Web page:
Torah Reading for Week of April 1-7, 2012
“With Liberty and the Pursuit of Happiness for All”
By Elisabeth Kesten, First Year AJRCA Rabbinical Student
Pesach: Yetziat Mitzraim means liberation.
And how are we supposed to celebrate? “Ve’samachta B’Chagecha” – by being happy.
How are these two related? Very easy, only truly free people can be happy. As long as a person is in the clutches of …….. (fill in his/her limitations/bad habits/addictions/moods/etc……..) he/she can’t be truly happy. Only people who are ‘grown’ up spiritually can be happy.
Strangely, as the Constitution has it, we actually need to pursue happiness, just as the Torah commanding us to celebrate in happiness. Pursuing happiness means actively strengthening the middot we need for a happier life.
To grow up, we need to be grateful. “You took us out of the Land of Milk and Honey,” complained the Israelites to Moses. Ingratitude doesn’t contribute to happiness, taking things for granted without appreciating them is a recipe for misery.
To grow up we need to accept responsibility for ourselves. “We miss the free fish and the garlic in Egypt.” This mentality is the reason that the Israelites had to stay in the desert for 40 years. They had to outgrow the immature slave mentality, the wish that you don’t have to take care of yourself, but that someone else should do it.
To grow up we need to stop complaining. Complaining and whining doesn’t contribute to happiness because there is not much reached by complaining, besides making our lives more miserable, and happiness will be far from us.
To grow up we need to learn perseverance and forget about instant gratification. “We want meat.” They want it now, and Moses is desperate. Expecting instant gratification is a big factor in attaining unhappiness, especially when it comes to more complex desires. One example is praying. If someone goes to shul once and expects to “feel a spiritual high”, or even expects an answer to his/her prayers, this person is like a child who believes in a fairy godmother. There is no instant gratification in spirituality. Perseverance is the secret, don’t give up. You will not know the outcome, but just the fact of not giving up will contribute to our happiness.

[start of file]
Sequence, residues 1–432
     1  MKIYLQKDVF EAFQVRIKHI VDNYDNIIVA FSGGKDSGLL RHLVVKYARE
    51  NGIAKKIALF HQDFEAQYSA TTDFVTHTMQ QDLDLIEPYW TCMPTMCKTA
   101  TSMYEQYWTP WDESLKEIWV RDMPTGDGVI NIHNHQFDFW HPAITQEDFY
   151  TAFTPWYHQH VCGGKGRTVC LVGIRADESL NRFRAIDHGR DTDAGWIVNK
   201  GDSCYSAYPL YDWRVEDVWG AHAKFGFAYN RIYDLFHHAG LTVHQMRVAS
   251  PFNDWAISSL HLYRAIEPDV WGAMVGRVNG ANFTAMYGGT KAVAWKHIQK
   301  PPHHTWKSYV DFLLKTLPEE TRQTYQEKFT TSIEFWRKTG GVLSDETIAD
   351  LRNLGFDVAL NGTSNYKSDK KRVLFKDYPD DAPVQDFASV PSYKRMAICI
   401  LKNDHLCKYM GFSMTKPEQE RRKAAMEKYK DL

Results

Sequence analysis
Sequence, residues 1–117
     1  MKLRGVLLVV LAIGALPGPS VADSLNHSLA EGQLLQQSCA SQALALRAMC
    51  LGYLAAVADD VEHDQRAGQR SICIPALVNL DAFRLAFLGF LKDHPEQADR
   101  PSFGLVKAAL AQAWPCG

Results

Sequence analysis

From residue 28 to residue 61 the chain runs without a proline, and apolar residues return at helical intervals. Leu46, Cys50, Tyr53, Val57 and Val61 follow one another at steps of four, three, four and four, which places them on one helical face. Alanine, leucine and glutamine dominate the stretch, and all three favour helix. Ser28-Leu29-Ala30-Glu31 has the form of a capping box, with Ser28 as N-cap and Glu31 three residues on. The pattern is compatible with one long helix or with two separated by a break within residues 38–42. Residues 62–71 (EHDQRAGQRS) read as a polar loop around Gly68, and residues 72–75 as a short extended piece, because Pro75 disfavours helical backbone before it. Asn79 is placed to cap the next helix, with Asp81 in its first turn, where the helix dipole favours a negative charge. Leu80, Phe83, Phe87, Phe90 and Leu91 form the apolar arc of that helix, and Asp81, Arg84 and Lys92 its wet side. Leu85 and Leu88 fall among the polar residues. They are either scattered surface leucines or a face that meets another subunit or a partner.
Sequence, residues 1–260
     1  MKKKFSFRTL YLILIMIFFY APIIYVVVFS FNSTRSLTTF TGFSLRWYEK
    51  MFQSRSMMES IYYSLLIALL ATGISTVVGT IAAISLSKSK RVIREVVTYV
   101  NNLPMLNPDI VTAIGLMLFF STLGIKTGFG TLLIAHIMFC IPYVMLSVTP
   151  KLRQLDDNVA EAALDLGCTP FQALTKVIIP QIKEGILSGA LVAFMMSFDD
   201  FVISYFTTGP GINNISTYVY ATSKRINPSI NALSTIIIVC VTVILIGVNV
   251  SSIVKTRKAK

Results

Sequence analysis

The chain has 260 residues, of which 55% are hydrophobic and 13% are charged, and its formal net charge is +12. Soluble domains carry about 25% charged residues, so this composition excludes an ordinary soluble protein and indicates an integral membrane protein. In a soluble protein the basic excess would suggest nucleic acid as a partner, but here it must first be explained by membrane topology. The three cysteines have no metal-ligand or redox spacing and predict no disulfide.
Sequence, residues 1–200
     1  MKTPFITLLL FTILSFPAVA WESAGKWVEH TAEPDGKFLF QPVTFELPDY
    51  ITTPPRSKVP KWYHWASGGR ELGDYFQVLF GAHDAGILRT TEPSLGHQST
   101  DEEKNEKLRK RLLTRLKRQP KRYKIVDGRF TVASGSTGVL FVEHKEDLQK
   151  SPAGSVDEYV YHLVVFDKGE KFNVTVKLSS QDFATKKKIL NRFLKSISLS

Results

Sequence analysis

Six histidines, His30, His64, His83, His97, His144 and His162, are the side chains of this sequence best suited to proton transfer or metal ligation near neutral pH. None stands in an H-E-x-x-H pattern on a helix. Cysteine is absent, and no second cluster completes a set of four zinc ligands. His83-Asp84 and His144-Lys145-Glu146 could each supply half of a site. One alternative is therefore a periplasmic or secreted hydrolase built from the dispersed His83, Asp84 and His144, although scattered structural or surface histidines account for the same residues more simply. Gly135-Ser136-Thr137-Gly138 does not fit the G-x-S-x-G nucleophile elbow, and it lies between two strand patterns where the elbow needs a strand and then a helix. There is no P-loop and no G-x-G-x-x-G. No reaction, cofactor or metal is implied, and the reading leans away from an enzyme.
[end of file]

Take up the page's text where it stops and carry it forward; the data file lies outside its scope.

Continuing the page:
To grow up we need to accept the responsibility and the consequences of our mistakes and sins. Blaming others when we make mistakes will make us unhappy. (“The woman that YOU gave me, gave me the fruit and I ate,” was Adam’s answer to G-d.) Not accepting responsibility is a very juvenile trait that can be seen in many children. Kids never say: “I dropped the glass.” It’s, “It fell!” As if it happened by itself! As Aaron said to Moses, “I threw gold into the fire, and out came this calf.”
To grow up we need to control our emotions. Throwing tantrums is another sign of an unhappy person. After such tantrums there is much unhappiness to deal with, like having to apologize, being known as an uncontrolled person, and inspiring fear in others, instead of love and good thoughts, etc.
To grow up we need to use our value-system to make judgments. Basing our actions and on our feelings, will not make us happy. We will re-act instead of acting. Nobody should judge others based on feelings, but we should judge people/issues/opinions based on values. After all, feelings can be bad! Pharaoh felt, that it was a good idea to enslave the Israelites and kill Jewish baby boys.
Alas, this is a long (probably not even complete) list of obstacles to happiness! All of these above mentioned traits are impeding happiness and the ability to grow up spiritually. It is childish behavior that makes us unhappy.
So Pesach is celebrating growing up to gain the freedom to make responsible choices.
The Torah wants us to grow up, to become truly free human beings, free from human domination, free from childish urges, free from serving some “thing,” in order to be free to serve G-d.
The Torah teaches us that happiness is related to holiness and goodness. It also teaches that actions are more important than thoughts. As all behavioral psychologists know – if we act happy, we will feel happy (in most cases) and we’ll be able to increase not just joy and happiness in the world, but also peace – because happy people don’t go around committing crimes and murdering innocents.
Chag Pesach sameach!